Democratic insiders, members of Congress, and health care reformers are now ramping up pressure on the Senate to take procedural steps to assure a comprehensive bill can become law. The House is signaling that it’s ready to pass the Senate’s health care bill, but only if the Senate gives concrete signs that they will follow suit, and pass a separate amending bill through the budget reconciliation process–a move that is increasingly seen as a necessary precondition of a successful reform push.
Today, 49 leading health care experts–who recently urged the House to act–are now acknowledging that the House deserves an act of good faith from the upper chamber before it pulls the trigger on reform.
“Key differences between the bills, such as the scope of the tax on high-cost plans and the allocation of premium subsidies, should be negotiated through the reconciliation process. Key elements of a reconciliation compromise enjoy broad support in both houses,” reads a new letter from the experts to Senate Majority Leader Harry Reid (D-NV); Sens. Tom Harkin (D-IA) and Max Baucus (D-MT); and President Obama. “Other discrepancies between the House and Senate bills can be addressed through other means.”
Last Friday, we urged the House to adopt the Senate-passed bill along with improvements that can be immediately achieved through reconciliation. We urge the Senate to join the House in this effort, and we urge the President to sign both bills.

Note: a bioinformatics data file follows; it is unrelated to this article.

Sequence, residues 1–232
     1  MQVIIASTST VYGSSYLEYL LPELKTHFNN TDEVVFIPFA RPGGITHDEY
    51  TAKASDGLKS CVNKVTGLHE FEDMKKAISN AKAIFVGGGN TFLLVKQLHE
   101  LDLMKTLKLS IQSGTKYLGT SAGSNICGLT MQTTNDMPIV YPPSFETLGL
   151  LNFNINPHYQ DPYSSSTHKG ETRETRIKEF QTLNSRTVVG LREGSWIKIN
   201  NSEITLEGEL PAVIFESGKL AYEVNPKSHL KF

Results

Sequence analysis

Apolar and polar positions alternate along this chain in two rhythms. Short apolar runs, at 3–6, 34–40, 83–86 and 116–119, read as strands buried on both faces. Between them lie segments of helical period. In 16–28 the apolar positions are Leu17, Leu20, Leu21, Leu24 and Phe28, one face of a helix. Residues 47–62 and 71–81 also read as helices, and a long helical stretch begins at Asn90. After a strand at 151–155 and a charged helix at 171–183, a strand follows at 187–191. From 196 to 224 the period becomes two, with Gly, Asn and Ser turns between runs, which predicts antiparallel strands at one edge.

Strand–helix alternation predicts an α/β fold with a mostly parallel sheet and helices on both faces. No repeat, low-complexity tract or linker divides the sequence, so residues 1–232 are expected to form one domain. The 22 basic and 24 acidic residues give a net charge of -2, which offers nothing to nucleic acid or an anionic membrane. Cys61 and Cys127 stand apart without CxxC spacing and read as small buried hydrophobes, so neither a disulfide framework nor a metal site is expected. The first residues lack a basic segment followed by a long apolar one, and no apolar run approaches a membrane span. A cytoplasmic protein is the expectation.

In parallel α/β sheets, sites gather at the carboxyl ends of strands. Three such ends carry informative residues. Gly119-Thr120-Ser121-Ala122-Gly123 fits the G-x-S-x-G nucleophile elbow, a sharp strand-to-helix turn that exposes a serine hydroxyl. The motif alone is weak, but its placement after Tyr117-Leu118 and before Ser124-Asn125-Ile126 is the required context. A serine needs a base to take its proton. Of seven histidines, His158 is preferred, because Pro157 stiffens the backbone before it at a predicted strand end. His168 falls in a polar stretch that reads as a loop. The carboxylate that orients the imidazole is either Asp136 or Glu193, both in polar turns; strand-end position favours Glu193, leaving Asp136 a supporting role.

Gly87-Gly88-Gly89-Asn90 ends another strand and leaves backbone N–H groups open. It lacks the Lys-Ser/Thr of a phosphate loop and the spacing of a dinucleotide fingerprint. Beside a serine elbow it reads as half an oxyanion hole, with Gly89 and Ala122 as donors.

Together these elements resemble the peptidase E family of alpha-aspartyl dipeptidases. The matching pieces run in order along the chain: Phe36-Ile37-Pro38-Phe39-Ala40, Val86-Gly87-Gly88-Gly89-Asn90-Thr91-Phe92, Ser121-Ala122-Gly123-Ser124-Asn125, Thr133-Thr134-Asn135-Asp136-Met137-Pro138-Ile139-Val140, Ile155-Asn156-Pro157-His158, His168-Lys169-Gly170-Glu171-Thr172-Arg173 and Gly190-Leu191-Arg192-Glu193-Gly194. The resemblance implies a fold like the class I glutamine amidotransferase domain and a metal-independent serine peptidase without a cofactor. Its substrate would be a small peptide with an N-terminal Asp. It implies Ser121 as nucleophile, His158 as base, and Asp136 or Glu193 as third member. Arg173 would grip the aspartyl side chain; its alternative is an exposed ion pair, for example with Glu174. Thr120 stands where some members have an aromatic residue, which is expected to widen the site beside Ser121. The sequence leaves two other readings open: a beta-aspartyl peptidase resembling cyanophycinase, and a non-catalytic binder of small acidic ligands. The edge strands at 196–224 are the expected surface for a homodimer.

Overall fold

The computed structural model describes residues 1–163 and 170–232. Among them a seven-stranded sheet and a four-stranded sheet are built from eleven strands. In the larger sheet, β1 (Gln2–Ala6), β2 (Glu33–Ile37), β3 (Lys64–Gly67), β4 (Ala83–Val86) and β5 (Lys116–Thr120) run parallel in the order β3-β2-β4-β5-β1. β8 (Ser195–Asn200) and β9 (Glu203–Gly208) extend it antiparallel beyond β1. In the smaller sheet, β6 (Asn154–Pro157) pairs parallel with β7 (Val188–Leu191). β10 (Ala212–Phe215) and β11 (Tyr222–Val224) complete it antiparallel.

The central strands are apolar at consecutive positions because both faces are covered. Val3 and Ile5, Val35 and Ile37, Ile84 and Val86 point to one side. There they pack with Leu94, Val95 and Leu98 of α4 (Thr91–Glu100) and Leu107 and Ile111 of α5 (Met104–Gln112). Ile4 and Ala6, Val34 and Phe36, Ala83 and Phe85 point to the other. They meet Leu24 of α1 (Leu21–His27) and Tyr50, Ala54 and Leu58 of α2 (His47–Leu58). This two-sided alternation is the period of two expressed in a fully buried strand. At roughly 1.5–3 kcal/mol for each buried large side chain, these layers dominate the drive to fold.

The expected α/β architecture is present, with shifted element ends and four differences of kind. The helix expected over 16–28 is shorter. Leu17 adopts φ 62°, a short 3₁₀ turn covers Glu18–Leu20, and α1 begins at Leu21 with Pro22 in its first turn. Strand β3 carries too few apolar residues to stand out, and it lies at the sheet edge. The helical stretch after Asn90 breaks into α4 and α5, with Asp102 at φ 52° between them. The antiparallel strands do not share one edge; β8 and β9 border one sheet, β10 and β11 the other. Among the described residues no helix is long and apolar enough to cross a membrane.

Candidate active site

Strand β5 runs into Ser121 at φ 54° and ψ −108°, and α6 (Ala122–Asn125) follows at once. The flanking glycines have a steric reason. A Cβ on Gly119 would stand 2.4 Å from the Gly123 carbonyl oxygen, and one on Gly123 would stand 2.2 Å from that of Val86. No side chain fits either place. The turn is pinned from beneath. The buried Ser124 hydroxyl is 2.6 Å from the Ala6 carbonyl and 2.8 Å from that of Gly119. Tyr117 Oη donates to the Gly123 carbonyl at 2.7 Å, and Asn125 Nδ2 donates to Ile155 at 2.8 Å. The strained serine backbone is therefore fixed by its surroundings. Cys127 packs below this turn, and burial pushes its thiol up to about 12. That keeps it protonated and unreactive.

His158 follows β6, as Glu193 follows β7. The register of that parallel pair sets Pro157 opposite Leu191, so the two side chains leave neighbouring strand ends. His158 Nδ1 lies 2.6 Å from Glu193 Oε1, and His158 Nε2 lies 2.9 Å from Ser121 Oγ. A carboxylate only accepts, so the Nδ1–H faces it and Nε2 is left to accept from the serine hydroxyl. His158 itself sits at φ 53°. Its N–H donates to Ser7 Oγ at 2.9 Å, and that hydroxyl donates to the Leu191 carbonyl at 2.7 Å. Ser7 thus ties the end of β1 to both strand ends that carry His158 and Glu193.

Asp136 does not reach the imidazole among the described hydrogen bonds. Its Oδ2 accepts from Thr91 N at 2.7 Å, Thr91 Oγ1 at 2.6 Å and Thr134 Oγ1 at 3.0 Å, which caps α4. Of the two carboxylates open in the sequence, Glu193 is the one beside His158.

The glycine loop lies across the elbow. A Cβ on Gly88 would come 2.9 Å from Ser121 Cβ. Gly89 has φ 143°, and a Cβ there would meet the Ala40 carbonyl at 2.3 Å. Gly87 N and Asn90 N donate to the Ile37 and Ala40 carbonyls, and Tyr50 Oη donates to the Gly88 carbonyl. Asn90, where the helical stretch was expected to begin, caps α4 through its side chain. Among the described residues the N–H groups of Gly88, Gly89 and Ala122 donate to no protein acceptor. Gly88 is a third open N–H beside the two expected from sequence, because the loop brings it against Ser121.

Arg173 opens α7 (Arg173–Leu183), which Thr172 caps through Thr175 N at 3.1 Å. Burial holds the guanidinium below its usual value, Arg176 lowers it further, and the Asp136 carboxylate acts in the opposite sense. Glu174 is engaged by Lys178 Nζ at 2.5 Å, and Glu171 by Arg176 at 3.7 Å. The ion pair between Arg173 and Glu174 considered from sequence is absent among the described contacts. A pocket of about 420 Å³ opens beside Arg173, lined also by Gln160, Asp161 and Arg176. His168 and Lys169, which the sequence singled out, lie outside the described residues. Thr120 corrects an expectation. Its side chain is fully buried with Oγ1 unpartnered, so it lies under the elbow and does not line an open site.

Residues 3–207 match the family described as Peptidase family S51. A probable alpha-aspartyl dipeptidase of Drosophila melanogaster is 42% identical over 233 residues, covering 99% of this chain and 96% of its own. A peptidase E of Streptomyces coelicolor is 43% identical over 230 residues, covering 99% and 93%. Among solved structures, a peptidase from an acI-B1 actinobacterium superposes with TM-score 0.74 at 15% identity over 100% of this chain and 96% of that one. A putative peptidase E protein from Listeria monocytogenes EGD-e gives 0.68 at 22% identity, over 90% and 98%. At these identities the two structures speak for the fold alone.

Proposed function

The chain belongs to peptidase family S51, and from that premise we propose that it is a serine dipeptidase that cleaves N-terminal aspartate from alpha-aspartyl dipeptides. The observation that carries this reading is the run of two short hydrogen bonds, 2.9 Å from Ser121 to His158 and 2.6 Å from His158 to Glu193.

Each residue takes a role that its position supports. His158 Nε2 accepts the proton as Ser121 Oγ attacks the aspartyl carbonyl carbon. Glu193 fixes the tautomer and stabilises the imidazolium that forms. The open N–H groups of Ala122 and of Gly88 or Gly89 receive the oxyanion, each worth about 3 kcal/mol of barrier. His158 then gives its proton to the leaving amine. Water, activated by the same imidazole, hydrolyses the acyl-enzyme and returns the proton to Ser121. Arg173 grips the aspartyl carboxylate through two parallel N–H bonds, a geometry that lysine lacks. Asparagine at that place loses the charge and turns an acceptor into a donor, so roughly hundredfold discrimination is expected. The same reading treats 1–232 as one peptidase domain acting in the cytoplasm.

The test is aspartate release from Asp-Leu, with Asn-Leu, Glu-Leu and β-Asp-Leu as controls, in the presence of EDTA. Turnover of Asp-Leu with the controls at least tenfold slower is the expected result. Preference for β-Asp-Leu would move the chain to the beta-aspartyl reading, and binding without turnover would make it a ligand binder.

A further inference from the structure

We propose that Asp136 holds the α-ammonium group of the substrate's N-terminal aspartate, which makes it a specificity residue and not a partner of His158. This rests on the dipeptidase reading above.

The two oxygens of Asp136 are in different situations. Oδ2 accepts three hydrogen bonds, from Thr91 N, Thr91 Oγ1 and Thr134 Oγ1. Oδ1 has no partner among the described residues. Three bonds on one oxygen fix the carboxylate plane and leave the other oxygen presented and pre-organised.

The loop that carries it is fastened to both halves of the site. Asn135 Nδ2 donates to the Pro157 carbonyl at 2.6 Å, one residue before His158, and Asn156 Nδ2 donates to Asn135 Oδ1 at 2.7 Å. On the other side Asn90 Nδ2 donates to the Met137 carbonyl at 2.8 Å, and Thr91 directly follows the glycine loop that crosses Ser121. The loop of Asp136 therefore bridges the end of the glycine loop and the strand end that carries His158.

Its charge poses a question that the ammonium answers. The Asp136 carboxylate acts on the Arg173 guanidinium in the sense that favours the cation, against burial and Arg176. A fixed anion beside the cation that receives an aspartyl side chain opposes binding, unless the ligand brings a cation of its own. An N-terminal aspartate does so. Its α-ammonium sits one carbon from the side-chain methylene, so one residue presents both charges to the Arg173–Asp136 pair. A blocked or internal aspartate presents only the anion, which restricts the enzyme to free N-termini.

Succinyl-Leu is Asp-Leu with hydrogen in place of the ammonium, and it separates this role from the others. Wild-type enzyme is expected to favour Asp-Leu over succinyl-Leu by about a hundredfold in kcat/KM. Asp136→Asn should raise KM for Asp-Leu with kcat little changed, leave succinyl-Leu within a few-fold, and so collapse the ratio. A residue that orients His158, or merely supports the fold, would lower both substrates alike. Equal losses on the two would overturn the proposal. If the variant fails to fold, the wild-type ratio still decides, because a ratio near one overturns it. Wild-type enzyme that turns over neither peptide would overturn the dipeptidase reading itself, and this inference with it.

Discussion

The experts, including public option founder Jacob Hacker and progressive economist Dean Baker, also say that Congress should discard calls for paring down the scope of reform, or trying to break health care legislation into smaller chunks, and passing them one by one.
“Some have proposed dividing the bill or starting anew with negotiations to produce a less comprehensive bill,” they write.
From the perspective of both politics and policy, we do not believe this is a feasible option. We doubt that the American public would welcome more months of partisan wrangling and debate. We doubt that the final product would match what has already been achieved. Indeed we doubt that any bill would reach the President’s desk should congressional leaders pursue this misguided course.
You can read the entire letter here.